DROUGHT ERODES 62 PERCENT OF CROP PRODUCTION

 

The report coming after a severe drought inflicted by an Elnino condition which affected most of the countries in the Southern African Development Community (SADC), will make have a sever dent on the pockets of most Namibians who are already struggling to make ends meet because of the ever falling value of the rand which is pegged at one as to one with the local currency.

“Household food security continued to weaken in various parts of the country as most households are reported have depleted their last season’s harvest and now depended on the market and the Government Drought Relief Programme for food access. It was reported that the supply of drought relief food is inadequate when compared to the number of people that food insecure….,”notes the report in part.

The report also notes that, “Pearl Millet showed a significant improvement but 39 percent below average production. The improvement is based on a good crop from germinations in Omusati, Oshikoto, Ohangwena, Kavango West and Kavango East…

While the situation was rather sever for crop production farmers the assessment report by the Government shows that animal raring farmers because of an improvement grazing pastures in most parts of the country.
 While the commercial area also indicates an improvement of 2% compared to last season’s harvest, it is also quoted at 35% below the average production.

Commenting on the report, Manager for Research and Development at the Namibia Agricultural Union (NAU) Willie Roux, tells Prime Focus Magazine that, “The drought highly affected food production in the country, which influenced the eventual slaughter price and the fact that producers moved cattle from the veld as the year opened with a drought resulted in low throughput at abattoirs.”

Roux reasons that the drought has had an especially adverse effect on livestock production because these past few months are not dryland crop planting months due to insufficient grazing and the areas most affected are the South; especially South-East as well as the West to the North-West all through to the Kavango regions.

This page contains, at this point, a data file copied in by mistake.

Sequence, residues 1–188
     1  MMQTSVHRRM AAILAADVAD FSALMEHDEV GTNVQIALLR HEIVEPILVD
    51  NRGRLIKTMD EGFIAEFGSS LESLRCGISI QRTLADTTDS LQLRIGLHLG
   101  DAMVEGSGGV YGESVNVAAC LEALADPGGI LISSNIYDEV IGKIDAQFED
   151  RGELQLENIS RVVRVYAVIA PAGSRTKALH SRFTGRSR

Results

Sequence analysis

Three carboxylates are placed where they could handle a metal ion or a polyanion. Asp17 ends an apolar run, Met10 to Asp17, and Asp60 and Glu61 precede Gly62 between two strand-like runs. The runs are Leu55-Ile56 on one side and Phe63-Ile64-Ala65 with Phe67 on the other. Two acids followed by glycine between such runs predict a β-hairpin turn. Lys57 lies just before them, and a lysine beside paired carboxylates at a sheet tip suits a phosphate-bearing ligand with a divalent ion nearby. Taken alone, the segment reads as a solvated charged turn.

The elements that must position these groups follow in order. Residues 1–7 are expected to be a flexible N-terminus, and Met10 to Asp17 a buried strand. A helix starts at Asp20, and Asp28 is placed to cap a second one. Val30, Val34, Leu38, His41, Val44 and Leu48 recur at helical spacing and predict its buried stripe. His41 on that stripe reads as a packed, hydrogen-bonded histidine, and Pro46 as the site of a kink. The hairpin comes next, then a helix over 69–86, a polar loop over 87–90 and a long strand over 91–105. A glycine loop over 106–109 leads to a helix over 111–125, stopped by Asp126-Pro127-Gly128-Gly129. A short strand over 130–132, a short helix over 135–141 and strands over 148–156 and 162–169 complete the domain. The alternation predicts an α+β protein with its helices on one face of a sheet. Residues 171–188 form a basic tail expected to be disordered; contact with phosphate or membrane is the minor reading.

Roux also stressed that nothing can be done to solve drought in the country but rather hope for a rainy season. However, he emphasises that, “The El Nino effect is weakening and the La Nina is taking shape, hence this points to at least a better rainy season but, given the unpredictable climate in the country it is crucial to practice good rangeland management as far as the rainfall allows.”

Corroborating Roux opinion, Agronomic Board of Namibia Chairperson, Sirkka Lileka, says that the prevailing drought has affected many regions differently and the drought situation is too bad compared to last year.

“When you travel to Ruacana you will see that there is only little rain to cater for animals until September or October. Animals are now eating grass roots because there is no rain,” she says.

She also mentions that due to the unavailability of rain, crops have been exposed to the sun and evaporation is high.

“The growth of crops have been affected highly which also caused limited harvest,” she says while explaining that, “for many years maize was used for drought relief but, for now, we don’t even have enough maize to give to the highly affected communities because where do we get the maize from if there is no water?”

Although drought continues to affect many parts of the country, Agribusdev’s Business Analyst, Evaristus Titus, reveals that drought has not affected their operations because strategies have been set before to prepare them for drought.
“We have predicted the drought already, therefore we have increased land space for irrigation projects to increase agronomic production for food security, therefore, from our side we are safe,” Titus says.

Agribusdev have eleven Green Scheme Projects producing crops ranging from rice, wheat grapes, potatoes, onion, bread flower, maize meal, sun flower oil and grains for the national strategic food reserves as well as vegetables for the hubs.
Currently, over 600 000 Namibians have been displaced because of the persistent 3-year drought that has affected both crop and beef production in Namibia.

The state has received donations from other countries such as South Africa who has pledged N$100m worth of food supplies.

Nigeria also made donations to Namibia amounting to 300 metric tons of rice, 700 metric tons of maize grain and 2 metric tons of fish powder.
Currently, government is intending to conduct another crop assessments through the Ministry of Agriculture, Water and Forestry to determine that number of Namibians who would need food assistance.

Last year alone, the Namibia Red Cross Society distributed drought relief to over 11 000 Namibians in six regions.

The Red Cross provides long term food security and livelihood support to communities through community gardens which benefits 100 households and improve nutrition for 500 beneficiaries.

Meanwhile, the Disaster Risk Management has revealed plans to spend up to N$500 million on the second phase of the drought relief programme run through the office of the Prime Minister.